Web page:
Conductor: Alan Gilbert
Beethoven: Piano Concerto No. 5 in E-flat Major, Op. 73 (Emperor) - Stephen Hough
Brahms: Symphony No. 3 in F Major, Op. 90
Because life and music must go on, after enjoying a rousing Roméo et Juliette at the Met on Tuesday night, I was back at Lincoln Center about 24 hours later for a long-planned and highly anticipated concert by the New York Philharmonic and Stephen Hough at the David Geffen Hall. The main purpose of my getting a ticket was to hear the modern-day Renaissance pianist's take on Beethoven's Emperor concerto, as I had figured it would be hard to go wrong with that pairing. And having Brahms' Symphony No. 3 on the same program would be a nice continuation in the Romantic tradition. After all, there's nothing wrong with indulging in stellar servings of oldies but goodies once in a while.
Stephen Hough's flawless Debussy and Chopin recital at Carnegie Hall last May had been one the highlights of my season, and I simply could not wait to hear him get busy with Beethoven's majestic Emperor. I am happy to report that my patience was splendidly rewarded by the technically brilliant and emotionally engaging performance the captive audience got to revel in on Wednesday night. Starting with vivacious assertiveness in the long Allegro, he moved on to the Adagio with delicate introspection, before going all fireball with a tad of mischief in the Rondo. Even in his most energetic moments, there was a fundamental purity of sound and a clear sense of purpose that made this Emperor not only remarkable for its sweeping grandeur, but also for its delicate lyricism and sparkling details. Everything I could have hoped for and more.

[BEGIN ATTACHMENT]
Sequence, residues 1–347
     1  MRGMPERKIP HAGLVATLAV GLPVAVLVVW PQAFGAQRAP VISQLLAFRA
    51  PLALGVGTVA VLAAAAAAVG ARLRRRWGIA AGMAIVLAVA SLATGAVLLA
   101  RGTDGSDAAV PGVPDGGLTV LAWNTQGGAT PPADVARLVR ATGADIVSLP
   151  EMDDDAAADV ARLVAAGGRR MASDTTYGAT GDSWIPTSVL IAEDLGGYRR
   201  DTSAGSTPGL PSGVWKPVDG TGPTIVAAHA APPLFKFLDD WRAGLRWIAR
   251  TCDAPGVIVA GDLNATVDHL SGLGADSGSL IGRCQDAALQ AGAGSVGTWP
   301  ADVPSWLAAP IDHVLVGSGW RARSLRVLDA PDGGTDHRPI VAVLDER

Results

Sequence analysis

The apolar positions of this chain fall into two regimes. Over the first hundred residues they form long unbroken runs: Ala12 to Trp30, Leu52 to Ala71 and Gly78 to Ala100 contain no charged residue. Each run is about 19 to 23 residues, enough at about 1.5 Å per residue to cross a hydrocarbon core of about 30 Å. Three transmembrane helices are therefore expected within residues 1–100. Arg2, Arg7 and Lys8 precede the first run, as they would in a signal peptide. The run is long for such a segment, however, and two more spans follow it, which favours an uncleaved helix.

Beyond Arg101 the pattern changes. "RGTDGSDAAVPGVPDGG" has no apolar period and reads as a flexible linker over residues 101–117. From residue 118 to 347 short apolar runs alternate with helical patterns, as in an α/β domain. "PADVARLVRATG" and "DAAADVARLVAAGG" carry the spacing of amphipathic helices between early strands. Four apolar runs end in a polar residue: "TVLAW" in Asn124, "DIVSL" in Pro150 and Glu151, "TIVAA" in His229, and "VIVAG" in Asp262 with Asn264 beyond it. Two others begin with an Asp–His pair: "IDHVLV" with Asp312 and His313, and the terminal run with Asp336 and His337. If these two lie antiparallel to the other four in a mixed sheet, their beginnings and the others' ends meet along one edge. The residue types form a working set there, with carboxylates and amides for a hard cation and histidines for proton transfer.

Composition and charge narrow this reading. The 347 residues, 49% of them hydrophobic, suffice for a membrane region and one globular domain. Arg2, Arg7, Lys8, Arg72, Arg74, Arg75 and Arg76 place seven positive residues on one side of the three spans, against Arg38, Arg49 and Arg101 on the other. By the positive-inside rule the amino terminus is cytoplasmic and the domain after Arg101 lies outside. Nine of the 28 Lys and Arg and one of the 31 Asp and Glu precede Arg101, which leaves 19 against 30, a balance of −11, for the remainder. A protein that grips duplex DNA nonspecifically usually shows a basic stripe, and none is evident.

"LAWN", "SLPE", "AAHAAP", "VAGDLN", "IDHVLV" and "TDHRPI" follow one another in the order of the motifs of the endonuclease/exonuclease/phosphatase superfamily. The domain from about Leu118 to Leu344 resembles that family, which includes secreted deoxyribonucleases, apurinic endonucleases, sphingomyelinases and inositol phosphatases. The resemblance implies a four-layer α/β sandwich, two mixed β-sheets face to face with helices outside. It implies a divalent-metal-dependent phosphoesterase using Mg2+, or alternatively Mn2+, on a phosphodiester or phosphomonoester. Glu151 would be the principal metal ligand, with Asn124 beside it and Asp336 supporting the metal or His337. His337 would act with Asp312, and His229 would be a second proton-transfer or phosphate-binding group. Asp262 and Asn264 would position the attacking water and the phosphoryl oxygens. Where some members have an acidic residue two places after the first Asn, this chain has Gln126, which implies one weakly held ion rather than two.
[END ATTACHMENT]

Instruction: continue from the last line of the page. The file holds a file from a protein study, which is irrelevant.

After intermission and a speech to thank donors, welcome music students among the orchestra and salute the NY Phil's special relationship with the University of Michigan, we headed back to familiar territory with Brahms' relatively lesser-known Symphony No. 3, a puzzling status that was actually hard to believe as the composition was magisterially unfolding with big brass, fleeting winds and glowing strings. Its rich and complex texture beautifully brought to life with vibrancy and flair, the black sheep of Brahms' symphonies probably conquered the last skeptics, assuming there were any in the packed concert hall, and triumphantly concluded the evening with a soft touch.
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